Q: Can our wedding venue ignore us and go silent on our refund request?
We canceled our wedding venue weeks ago. They promised to discuss our refund upon their business opening up as they could not issue refunds while being closed. Their business has since been opened and they ignore emails, don't show up for scheduled calls, and have now gone silent. We feel they were holding off and lying to us about a discussion they never intended to have with us about a refund. The contract says we can get a refund within three months of canceling. We contacted them about cancelling within that time frame. From reviews online, they are ignoring other folks as well. We feel we need to take legal action at this point just to get a response from them.
A: Based on the information in your question it appears clear that the venue is unwilling to refund your money voluntarily. You should contact an attorney that practices consumer law and provide them with your contract and the facts of your situation. If there is a strong case that the venue is acting in bad faith or deceptively, and if the venue is financially viable, a consumer law attorney may be willing to represent you at limited cost to you.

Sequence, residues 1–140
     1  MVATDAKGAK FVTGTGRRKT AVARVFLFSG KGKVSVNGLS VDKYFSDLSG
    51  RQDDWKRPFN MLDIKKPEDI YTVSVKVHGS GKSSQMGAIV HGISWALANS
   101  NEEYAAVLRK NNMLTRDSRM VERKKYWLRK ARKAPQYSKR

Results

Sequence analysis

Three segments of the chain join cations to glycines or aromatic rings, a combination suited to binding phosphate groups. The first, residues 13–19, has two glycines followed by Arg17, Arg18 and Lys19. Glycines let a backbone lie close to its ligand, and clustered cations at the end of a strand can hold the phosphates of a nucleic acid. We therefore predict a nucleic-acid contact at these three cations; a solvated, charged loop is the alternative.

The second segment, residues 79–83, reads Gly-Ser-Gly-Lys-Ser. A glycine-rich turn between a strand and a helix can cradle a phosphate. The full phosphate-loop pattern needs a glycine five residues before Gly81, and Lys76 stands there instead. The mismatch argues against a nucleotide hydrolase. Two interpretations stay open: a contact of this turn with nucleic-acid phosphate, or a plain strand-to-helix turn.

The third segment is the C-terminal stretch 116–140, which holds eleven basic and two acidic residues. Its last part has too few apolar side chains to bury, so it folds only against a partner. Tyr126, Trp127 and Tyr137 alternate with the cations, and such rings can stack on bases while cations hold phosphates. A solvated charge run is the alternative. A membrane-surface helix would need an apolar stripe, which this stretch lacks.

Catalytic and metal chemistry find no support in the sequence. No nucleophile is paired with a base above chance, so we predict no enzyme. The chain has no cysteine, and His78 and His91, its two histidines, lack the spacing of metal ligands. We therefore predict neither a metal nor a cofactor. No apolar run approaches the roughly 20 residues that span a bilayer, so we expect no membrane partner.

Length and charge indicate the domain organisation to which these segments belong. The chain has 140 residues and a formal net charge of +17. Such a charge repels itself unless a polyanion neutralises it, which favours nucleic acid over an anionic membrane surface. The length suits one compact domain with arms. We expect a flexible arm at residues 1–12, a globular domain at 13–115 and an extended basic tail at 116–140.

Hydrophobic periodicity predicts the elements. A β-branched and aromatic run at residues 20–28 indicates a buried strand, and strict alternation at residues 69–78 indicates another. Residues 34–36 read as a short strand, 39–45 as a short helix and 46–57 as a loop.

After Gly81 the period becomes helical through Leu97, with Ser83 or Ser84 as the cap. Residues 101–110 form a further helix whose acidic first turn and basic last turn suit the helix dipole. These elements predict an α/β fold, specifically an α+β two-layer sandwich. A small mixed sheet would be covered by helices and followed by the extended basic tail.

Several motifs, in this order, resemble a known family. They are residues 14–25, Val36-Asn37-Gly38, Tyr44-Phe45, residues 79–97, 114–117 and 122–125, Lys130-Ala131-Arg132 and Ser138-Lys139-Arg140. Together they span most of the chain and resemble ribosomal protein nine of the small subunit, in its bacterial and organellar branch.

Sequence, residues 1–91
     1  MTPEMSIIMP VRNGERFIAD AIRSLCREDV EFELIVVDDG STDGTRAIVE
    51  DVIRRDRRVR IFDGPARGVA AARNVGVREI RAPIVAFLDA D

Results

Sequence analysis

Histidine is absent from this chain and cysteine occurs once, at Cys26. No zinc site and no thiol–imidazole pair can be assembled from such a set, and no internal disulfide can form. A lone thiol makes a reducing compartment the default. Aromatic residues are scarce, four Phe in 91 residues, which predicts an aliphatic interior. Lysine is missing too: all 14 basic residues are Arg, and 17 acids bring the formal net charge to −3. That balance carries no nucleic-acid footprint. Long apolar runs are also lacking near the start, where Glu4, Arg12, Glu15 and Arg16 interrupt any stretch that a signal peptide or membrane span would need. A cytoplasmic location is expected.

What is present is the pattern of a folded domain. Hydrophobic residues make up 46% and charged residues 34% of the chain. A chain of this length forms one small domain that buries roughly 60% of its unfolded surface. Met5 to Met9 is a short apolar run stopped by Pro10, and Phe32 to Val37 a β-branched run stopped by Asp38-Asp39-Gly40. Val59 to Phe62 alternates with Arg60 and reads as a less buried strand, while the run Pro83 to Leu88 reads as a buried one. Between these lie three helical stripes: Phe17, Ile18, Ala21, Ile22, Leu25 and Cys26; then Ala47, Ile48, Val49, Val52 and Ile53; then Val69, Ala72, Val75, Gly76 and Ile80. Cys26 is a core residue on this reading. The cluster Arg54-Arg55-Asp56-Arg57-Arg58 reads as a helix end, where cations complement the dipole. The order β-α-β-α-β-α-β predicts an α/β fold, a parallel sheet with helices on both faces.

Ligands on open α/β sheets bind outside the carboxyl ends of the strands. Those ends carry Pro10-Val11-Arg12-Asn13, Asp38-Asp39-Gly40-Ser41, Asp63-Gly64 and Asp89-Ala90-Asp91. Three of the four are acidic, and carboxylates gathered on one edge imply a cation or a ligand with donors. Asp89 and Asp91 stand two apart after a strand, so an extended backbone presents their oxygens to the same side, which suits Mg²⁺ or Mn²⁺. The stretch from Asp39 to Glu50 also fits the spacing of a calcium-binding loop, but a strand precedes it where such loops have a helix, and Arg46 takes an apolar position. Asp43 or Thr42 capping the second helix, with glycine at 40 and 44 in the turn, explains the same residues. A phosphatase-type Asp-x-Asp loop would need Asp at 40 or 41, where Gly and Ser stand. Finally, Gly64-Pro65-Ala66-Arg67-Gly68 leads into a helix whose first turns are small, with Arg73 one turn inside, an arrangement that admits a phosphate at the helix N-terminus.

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A: The only way that you have any chance of getting your money back is going to be to file a lawsuit. However, no one can tell you about the solvency of this "wedding venue". Depending on the contract and other facts, you may have a complaint under the New Jersey Consumer Fraud Act, which would all you to collect triple damges plus attorney fees. During this pandemic, you have a choice of either seeing your attorney in person or by way of a secure state of the art Zoom Video Conference. So you don’t have to be restricted by geography any more in terms of choosing an attorney. You can “Meet” your attorney online for an initial strategy session from the comfort of your own home. Through mail, e-mail and electronic filing almost everything can be done without leaving your home, for most types of cases. Pick the best attorney you can find and remember one rule: a good attorney is generally never cheap, and a cheap attorney is generally never good so don't choose based on price.
1 user found this answer helpful
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